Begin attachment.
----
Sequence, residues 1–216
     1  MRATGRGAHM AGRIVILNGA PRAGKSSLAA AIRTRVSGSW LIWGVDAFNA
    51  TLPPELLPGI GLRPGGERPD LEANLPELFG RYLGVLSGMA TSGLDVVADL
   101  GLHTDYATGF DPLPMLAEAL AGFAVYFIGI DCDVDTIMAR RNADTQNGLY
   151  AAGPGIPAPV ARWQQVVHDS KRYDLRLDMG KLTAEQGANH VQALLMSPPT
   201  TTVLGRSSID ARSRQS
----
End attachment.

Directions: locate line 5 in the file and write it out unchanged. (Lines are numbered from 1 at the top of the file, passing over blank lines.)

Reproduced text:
   151  AAGPGIPAPV ARWQQVVHDS KRYDLRLDMG KLTAEQGANH VQALLMSPPT